This case offers a good review of the kinds of documents CRA may examine for a net worth assessment:
"the CRA auditor obtained further information by issuing requirements for information. I will not mention all the documents that were obtained by the CRA auditor as they are too numerous. However, some of the documents obtained for the taxation years under appeal were instrumental in determining the income of the Elmansours and they are bank account statements, credit card statements, applications for credit cards, car registrations from the Société de l’assurance automobile du Québec, contracts for the purchase of vehicles from dealerships, insurance contracts, documents of incorporation, corporate documents from CIDREQ, invoices relating to Mr. Elmansour’s businesses, financial statements, documents relating to the house in Ajax, and Equifax reports. Although a net worth assessment is never perfect, the net worth assessments in these cases were well documented." (Para. 49.)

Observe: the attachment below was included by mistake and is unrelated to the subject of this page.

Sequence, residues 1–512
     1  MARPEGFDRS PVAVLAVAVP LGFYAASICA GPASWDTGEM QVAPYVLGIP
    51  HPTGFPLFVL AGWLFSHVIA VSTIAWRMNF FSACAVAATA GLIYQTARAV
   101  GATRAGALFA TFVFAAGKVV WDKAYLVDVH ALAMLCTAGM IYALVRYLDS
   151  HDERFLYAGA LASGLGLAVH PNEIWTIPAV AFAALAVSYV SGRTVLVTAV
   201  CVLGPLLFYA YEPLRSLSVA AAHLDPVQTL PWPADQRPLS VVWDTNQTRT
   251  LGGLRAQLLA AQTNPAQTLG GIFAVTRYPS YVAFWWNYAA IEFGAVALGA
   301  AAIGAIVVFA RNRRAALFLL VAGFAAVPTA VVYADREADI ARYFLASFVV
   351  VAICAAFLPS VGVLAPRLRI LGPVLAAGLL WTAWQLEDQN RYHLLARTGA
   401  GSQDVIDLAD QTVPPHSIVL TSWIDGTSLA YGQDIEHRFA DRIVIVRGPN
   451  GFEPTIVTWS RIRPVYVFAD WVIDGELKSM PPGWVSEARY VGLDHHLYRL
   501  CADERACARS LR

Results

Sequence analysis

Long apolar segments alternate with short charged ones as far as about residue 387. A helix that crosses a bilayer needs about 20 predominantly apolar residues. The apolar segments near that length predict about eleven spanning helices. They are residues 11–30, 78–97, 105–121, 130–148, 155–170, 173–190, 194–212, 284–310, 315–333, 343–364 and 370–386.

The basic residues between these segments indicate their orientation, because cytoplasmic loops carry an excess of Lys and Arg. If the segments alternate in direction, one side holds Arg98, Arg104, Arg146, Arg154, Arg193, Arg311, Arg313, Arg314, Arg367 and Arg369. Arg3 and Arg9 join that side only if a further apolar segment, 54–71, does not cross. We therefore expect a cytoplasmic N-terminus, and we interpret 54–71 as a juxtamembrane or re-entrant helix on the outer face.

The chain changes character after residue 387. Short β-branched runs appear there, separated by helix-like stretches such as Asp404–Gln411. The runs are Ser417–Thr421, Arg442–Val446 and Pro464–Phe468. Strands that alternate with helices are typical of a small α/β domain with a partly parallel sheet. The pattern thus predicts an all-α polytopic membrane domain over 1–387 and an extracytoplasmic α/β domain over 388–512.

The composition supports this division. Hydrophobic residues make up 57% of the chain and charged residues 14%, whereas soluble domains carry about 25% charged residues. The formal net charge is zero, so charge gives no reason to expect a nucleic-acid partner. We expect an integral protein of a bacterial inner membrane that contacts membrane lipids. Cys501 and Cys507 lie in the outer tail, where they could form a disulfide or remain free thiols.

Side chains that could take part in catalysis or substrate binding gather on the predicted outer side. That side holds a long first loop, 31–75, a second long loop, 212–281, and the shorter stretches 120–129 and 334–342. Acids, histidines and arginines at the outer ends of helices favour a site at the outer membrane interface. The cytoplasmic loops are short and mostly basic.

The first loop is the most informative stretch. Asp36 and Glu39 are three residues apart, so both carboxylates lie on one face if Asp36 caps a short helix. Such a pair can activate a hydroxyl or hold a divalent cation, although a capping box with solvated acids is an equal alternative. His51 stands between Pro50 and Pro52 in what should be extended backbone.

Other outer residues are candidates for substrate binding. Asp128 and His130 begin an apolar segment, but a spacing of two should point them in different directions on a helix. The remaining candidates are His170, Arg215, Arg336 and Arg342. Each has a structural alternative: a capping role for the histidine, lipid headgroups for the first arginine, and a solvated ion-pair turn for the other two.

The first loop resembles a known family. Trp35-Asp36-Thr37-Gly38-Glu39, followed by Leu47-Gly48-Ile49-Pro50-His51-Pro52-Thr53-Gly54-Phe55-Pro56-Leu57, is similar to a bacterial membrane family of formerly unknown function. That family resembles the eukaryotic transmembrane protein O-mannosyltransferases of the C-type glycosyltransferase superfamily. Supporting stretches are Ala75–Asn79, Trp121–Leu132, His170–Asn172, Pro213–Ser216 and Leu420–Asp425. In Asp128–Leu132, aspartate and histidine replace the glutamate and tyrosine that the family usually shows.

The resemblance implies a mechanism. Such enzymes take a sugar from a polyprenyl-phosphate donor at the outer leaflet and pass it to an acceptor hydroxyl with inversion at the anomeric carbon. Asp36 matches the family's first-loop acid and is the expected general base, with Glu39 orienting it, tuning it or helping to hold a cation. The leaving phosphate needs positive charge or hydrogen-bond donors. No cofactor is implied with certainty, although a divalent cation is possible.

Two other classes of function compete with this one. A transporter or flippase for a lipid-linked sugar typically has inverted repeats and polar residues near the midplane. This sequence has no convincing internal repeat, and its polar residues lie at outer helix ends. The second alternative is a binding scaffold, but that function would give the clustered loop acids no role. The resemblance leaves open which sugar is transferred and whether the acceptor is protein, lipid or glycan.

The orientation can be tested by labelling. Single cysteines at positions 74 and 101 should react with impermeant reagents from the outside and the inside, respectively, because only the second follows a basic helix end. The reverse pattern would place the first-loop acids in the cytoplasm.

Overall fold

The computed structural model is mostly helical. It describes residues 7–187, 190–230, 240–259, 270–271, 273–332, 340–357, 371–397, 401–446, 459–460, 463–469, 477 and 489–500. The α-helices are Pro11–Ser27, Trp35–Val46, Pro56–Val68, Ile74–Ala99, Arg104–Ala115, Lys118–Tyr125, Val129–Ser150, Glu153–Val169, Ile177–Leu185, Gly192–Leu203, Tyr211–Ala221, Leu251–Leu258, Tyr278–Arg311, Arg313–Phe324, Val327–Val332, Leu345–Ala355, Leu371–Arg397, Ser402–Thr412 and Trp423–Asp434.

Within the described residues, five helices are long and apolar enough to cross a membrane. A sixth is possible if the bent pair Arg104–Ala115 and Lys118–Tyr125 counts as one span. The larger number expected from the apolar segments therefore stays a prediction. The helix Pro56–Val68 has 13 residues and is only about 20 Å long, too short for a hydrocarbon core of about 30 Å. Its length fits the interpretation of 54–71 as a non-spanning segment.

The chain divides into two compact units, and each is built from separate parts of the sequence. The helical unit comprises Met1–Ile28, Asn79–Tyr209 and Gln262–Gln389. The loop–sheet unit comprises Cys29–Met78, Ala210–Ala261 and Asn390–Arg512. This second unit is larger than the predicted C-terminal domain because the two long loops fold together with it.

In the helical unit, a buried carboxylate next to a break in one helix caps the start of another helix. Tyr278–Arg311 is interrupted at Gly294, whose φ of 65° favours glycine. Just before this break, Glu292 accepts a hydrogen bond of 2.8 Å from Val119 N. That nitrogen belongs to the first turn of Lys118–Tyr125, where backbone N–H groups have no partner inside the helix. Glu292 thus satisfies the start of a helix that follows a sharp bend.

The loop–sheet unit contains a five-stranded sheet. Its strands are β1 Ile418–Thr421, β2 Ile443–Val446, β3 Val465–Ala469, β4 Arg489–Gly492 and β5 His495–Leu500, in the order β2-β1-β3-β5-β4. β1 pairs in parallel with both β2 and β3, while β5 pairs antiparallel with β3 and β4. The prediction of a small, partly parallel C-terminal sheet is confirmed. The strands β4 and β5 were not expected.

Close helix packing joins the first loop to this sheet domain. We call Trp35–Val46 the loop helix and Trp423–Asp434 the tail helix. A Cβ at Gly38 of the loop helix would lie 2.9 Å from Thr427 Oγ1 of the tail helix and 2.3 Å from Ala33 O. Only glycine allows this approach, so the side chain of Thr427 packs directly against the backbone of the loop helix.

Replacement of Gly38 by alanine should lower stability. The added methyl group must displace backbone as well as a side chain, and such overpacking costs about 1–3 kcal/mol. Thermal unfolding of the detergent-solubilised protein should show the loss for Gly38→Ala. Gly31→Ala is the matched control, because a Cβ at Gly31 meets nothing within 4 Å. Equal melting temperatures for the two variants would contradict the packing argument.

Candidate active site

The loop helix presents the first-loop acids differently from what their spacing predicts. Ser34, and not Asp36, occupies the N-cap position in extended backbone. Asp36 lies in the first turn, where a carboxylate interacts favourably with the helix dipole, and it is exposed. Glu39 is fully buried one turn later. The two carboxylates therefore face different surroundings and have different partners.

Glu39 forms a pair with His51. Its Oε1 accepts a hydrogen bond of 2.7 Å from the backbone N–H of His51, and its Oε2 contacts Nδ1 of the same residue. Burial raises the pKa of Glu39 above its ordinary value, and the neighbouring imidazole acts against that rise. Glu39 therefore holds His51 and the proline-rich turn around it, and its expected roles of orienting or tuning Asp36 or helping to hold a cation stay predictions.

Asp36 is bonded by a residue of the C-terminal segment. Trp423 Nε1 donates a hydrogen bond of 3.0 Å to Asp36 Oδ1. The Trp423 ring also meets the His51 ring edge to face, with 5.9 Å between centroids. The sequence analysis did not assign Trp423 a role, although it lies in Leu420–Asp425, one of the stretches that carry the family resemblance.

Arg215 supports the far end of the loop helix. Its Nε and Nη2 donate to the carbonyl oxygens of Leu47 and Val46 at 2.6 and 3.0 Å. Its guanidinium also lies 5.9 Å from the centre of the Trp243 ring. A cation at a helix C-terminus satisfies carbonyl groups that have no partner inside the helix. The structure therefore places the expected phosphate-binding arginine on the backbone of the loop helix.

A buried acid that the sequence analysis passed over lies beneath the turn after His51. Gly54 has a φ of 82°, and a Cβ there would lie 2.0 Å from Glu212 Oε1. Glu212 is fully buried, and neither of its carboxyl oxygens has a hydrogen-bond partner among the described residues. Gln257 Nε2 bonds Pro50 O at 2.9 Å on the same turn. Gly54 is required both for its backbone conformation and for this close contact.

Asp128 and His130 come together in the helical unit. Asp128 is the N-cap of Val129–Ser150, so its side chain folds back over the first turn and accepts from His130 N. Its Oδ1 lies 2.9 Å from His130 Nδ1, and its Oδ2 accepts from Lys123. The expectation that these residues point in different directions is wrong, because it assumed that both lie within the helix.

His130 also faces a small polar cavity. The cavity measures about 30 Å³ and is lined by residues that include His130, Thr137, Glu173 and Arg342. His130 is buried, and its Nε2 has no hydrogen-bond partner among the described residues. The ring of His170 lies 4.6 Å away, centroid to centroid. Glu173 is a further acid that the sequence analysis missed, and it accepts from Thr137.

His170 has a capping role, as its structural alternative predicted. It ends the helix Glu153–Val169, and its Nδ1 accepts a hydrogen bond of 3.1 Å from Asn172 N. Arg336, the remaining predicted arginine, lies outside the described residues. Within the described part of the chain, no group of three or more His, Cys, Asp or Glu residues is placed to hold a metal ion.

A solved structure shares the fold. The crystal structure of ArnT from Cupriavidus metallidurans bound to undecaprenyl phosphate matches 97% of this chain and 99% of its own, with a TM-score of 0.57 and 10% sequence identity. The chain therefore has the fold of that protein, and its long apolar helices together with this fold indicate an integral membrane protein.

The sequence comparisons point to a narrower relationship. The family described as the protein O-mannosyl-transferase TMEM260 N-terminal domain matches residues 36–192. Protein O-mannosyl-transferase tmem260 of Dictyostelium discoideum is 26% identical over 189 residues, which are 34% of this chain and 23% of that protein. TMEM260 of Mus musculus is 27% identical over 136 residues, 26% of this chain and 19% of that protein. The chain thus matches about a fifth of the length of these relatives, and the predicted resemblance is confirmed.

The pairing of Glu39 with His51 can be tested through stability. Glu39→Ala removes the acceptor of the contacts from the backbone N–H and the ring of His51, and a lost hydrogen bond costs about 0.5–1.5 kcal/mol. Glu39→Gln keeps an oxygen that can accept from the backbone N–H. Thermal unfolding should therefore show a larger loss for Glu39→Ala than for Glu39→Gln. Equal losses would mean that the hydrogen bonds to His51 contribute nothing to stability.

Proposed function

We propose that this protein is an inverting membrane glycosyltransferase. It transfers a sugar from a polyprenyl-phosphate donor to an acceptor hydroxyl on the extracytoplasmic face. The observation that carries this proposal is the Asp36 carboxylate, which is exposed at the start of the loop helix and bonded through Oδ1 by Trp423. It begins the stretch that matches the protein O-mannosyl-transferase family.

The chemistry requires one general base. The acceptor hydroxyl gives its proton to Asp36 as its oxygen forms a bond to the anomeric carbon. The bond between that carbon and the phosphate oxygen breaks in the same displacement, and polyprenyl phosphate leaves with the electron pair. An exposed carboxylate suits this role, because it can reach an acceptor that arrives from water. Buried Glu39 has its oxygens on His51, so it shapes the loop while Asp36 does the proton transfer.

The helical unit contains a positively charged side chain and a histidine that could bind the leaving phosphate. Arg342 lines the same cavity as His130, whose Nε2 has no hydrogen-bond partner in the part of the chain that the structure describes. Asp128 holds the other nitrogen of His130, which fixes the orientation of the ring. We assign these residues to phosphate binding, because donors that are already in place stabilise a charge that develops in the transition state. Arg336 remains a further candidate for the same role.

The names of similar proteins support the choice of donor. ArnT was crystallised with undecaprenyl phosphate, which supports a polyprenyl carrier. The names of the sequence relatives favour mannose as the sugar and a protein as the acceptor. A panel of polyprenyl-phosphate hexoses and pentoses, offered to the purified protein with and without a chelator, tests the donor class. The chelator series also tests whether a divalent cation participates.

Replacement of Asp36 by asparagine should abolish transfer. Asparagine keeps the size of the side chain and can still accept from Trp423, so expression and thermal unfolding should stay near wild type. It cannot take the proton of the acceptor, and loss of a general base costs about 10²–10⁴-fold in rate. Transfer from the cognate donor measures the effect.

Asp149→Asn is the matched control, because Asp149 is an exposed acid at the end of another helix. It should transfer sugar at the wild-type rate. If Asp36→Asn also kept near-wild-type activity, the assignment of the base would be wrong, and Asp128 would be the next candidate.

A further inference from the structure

In his struggle to explain how he could support his family of seven and buy at least two homes and start or buy three businesses (to satisfy Canadian immigration laws), the taxpayer showed his bank accounts in the United Arab Emirates. And so he helped CRA justify late reassessments because he hadn’t reported owning more than $100,000 of property in the UAE on page 2 of the T1 and hadn’t reported his offshore income (para. 41.)
Justice D'Auray had no trouble agreeing that the Minister had proven gross negligence to justify the 50% penalty in ITA s. 163(2) for both Mr. and Mrs. Elmansour.
See Elmansour v. The Queen, (2014 TCC D'Auray)